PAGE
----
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School officials say technical careers may be the route to take in York County

YORK COUNTY, Pa. — A school in York County says it’s time to educate parents and their students on the value of technical education, especially for ...

YORK COUNTY, Pa. -- A school in York County says it's time to educate parents and their students on the value of technical education, especially for jobs here in Central Pennsylvania.

"I think it’s that you're taking this hard material, metal, and you're melting it with fire basically, and it’s all powered through this little electrode that has electricity running down through it,” said Maria Hilbert, a student at York County School of Technology.

She is the only senior girl in the welding and fabrication program. She makes welding look simple.

"You might feel a little left out when you first start out because there’s not a lot of females, but it’s definitely a great career to get into because it’s always high in demand,” she added.

Welders in York County make approximately $36,000 dollars starting off.

"That’s the good part about it. They don’t have to go take a minimum wage job,” said Dr. David Thomas, the administrative director at the school.

According to the Institute for College Access and Success -- the average college education in Pennsylvania puts a student around $34,000 in debt. Many technical careers minimize debt by paying for job training.

"You name just about any program here the kids, if they want to, can go get a family sustaining wage,” said Dr. Thomas.

Some students at York County School of Technology like Tyler Bollinger already have jobs set for them after they graduate.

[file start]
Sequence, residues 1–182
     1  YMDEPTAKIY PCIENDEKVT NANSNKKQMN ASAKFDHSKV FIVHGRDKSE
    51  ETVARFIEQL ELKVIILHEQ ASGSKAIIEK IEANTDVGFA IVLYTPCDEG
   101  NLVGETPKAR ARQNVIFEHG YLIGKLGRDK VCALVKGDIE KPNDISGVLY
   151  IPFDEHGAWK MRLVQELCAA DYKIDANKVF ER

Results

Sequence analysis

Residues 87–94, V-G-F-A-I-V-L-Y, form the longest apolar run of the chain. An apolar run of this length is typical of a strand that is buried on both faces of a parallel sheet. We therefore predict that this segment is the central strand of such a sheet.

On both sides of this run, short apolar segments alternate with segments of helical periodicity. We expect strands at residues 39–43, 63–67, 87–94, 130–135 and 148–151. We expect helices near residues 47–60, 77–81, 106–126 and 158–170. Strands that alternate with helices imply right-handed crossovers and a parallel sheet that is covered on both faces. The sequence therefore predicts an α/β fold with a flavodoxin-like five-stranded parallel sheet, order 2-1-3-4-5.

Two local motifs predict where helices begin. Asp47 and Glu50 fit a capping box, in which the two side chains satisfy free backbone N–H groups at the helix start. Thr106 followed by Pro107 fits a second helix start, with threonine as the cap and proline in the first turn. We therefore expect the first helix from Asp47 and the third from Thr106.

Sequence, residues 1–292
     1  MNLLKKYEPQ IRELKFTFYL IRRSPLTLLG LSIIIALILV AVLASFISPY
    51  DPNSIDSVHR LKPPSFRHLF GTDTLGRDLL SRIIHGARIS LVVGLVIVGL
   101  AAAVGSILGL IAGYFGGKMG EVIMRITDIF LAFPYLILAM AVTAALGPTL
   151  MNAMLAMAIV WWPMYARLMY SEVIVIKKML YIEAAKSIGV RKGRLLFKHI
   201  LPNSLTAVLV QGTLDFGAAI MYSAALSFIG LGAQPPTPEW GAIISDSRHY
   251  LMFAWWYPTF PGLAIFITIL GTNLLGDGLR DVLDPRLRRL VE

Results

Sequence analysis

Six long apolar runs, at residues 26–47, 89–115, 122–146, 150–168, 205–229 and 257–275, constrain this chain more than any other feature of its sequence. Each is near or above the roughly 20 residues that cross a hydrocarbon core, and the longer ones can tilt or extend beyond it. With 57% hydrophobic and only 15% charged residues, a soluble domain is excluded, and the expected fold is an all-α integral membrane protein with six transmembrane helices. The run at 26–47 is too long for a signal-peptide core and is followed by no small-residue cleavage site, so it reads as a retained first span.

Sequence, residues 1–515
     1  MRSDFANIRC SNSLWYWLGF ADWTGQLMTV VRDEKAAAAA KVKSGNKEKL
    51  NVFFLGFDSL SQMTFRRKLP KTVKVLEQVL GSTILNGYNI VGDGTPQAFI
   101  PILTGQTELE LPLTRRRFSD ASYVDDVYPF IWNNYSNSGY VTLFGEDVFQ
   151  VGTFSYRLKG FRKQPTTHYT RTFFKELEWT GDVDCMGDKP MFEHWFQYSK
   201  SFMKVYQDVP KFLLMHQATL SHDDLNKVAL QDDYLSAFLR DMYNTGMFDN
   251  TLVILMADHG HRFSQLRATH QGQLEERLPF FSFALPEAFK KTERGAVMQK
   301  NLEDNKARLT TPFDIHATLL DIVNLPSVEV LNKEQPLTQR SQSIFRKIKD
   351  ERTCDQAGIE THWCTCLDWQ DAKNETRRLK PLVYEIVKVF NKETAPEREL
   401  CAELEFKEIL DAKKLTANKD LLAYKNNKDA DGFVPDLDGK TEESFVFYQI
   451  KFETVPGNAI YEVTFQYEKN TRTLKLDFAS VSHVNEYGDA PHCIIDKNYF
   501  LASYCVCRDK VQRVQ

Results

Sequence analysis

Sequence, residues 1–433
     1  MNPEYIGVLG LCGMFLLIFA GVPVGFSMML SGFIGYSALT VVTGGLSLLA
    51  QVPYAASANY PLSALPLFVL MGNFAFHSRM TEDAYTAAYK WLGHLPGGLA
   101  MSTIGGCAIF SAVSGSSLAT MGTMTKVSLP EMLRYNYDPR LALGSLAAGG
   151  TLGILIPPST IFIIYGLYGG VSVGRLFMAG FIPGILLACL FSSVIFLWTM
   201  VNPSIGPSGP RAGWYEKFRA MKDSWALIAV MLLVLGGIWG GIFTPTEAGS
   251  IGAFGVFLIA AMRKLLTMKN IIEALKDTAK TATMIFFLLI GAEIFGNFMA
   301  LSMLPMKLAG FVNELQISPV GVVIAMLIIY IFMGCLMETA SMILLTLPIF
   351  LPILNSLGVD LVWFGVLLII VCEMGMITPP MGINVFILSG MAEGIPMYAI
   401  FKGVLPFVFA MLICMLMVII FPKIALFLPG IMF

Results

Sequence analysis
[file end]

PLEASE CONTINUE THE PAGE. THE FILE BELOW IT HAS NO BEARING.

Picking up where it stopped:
"We start off at about $11 an hour and then the apprenticeship, you make about $20.00 plus."

$20.00 plus an hour and additional skill training makes students like Tyler happy to be in the Machinist program at the school.

Tyler will work with General Machine Works in York for the next four years learning more about machinery and building connections.

"York is still a big manufacturing community,” explained Dr. Thomas. “You go up 83, there’s a company that has a permanent sign on the wall that says 'Machinist Needed.'"

"You basically just have to have the knowledge we do. It’s the same as going to college, but we did it through high school so we saved ourselves four years of our lives and a whole bunch of money just coming here,” added Tyler.

According to school officials, many technical careers need students right now because their older skilled workers are retiring.

School officials say it’s crucial to educate students and parents at an early age, right around middle school, to get the idea of a technical career and the benefits in the back of these students’ minds.